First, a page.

May 04, 2005,
When Melody Townsel, the Texas woman who claims that U.N.-ambassador nominee John Bolton chased her through a Moscow hotel, throwing things at her and "behaving like a madman," first tried to tell her story to the Senate Foreign Relations Committee, the committee showed no interest. It was only after she turned to the influential far-Left website DailyKos that Democrats on the committee realized Townsel might be a powerful weapon in their campaign to defeat the Bolton nomination.
The story began on Friday, April 8, when Townsel e-mailed her story to the committee. In an interview last night with National Review Online, she explained that she sent the letter, which described an alleged incident that occurred when she was working for an Agency for International Development subcontractor in Kyrgyzstan, to the committee's general e-mail address, and not to any particular senator. It was an explosive story. Bolton, she wrote,
proceeded to chase me through the halls of a Russian hotel throwing things at me, shoving threatening letters under my door and, generally, behaving like a madman. For nearly two weeks, while I awaited fresh direction from my company and from US AID, John Bolton hounded me in such an appalling way that I eventually retreated to my hotel room and stayed there. Mr. Bolton, of course, then routinely visited me there to pound on the door and shout threats.
One might have expected Democrats on the committee to take immediate notice. But days passed including April 12, the day of Bolton's confirmation hearing and Townsel heard nothing from the committee. "I got two form e-mails, one from [Democratic Sen. Joseph] Biden and one from someone I don't remember," Townsel says. "They said thank you very much for your comments."
A few more days passed, and then a week, and Townsel still heard nothing from the committee. Then, on Friday, April 15, with the committee's scheduled vote on Bolton just four days away, a friend of Townsel's, to whom she had told the story, asked if she could post Townsel's letter on DailyKos. The friend, who went by the name amyindallas, posted the letter with the comment that "[Townsel] described the incident in a letter to the Senate Foreign Relations Committee members (who have thus far responded with a yawn), and I wanted to share it with a larger audience."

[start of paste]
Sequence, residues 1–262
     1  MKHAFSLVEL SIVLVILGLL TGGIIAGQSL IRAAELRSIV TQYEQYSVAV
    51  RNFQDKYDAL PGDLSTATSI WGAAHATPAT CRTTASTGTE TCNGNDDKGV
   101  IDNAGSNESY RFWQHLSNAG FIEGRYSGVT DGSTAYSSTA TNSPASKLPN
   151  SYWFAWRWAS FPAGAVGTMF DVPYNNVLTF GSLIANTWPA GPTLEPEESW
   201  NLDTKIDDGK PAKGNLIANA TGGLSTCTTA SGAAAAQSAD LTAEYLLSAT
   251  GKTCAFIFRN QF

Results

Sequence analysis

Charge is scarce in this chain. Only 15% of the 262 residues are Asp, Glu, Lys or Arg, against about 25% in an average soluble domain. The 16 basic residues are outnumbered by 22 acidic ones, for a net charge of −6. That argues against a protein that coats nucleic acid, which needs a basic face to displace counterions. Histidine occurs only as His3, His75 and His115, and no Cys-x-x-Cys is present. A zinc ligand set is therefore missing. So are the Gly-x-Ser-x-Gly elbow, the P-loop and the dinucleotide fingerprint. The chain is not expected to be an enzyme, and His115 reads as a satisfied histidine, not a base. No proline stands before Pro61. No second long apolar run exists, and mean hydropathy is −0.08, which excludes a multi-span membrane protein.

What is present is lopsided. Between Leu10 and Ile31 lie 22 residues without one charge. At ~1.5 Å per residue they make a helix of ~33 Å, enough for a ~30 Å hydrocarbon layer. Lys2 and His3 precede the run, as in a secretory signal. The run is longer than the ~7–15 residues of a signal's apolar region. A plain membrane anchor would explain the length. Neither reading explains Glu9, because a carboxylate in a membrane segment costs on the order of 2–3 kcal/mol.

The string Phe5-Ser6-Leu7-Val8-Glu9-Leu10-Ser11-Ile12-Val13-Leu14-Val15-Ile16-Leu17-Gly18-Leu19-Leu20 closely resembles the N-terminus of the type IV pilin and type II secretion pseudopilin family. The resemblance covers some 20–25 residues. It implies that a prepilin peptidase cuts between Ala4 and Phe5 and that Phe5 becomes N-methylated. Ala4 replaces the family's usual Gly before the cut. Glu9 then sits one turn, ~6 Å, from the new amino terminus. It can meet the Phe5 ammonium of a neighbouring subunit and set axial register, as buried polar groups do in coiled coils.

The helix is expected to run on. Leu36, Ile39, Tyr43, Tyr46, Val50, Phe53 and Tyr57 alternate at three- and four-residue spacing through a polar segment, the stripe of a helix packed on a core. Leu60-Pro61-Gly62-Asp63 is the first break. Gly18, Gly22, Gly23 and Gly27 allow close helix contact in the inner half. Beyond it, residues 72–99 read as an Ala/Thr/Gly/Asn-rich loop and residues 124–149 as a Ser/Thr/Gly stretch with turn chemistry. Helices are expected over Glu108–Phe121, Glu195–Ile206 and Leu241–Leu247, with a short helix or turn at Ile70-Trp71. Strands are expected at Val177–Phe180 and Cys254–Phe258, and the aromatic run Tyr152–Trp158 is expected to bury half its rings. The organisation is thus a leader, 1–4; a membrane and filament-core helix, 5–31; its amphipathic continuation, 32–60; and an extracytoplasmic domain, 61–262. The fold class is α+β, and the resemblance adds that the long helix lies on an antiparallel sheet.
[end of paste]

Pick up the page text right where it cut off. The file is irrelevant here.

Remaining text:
It worked. "Within a few hours, I started getting phone calls," Townsel told NRO, "one from the Senate and then the Senate again, both Democratic staffers." Democrats who had heretofore shown no interest in Townsel's story were suddenly very, very interested.
That evening, Townsel got a call from the liberal radio network Air America, and she soon found herself on the air. "I make no secret of the fact that I am an extremely liberal and vocal Democrat," Townsel, who was a member of the group Mothers Opposing Bush, said on Air America. But she claimed that her partisanship did not play a factor in her decision to speak out. Bolton, she said, had been "not just very difficult to deal with but abusive and confrontational and ended up sort of chucking some things in a meeting and pounding on hotel doors and trotting across hotel lobbies to get to me, and it was uncomfortable and kind of creepy." (A number of people involved in the matter, including Townsel's then-boss, have cast doubt on key parts of her story.)
By the next day, Saturday, April 16, Democrats sent Townsel's letter out to dozens of reporters. By Sunday morning, her story was in the New York Times and the Los Angeles Times. Biden, whose office had blown Townsel off just a few days before, announced on Fox News Sunday that, "A former AID worker in Kyrgyzstan wrote an open letter to the committee...saying that she'd essentially been harassed by John Bolton...For me, that's an issue."
On Monday, April 18, the day before the scheduled (and later postponed) committee vote on Bolton, Townsel's friend, amyindallas, posted another message on DailyKos. "I want to thank everybody on Kos," she said, "for creating such a buzz about her letter that the Senate Foreign Relations Committee had no choice but to at least hear her out." By Tuesday, Townsel's hometown paper, the Dallas Morning News, ran a story headlined, "Bolton Foes Hope E-Mail Alleging Abuse Sways UN Ambassador Vote."
And indeed, it appears that it did. At the April 19 committee meeting to vote on Bolton, Biden, the ranking Democrat on the committee, read at length from Townsel's letter. Later in the session, Ohio Sen. George Voinovich stunned his fellow Republicans by announcing that "I've heard enough today that I don't feel comfortable about voting for Mr. Bolton." The vote was postponed for three weeks.
Townsel, meanwhile, says she is surprised by the turn of events, saying she "didn't feel like we would get any response." But she did, and all because a liberal blog, like conservative websites in earlier controversies involving Dan Rather, Eason Jordan, and others, played a key role in another high-profile fight.
Byron York, NR's White House correspondent, is the author of the new book The Vast Left Wing Conspiracy: The Untold Story of How Democratic Operatives, Eccentric Billionaires, Liberal Activists, and Assorted Celebrities Tried to Bring Down a President and Why They'll Try Even Harder Next Time.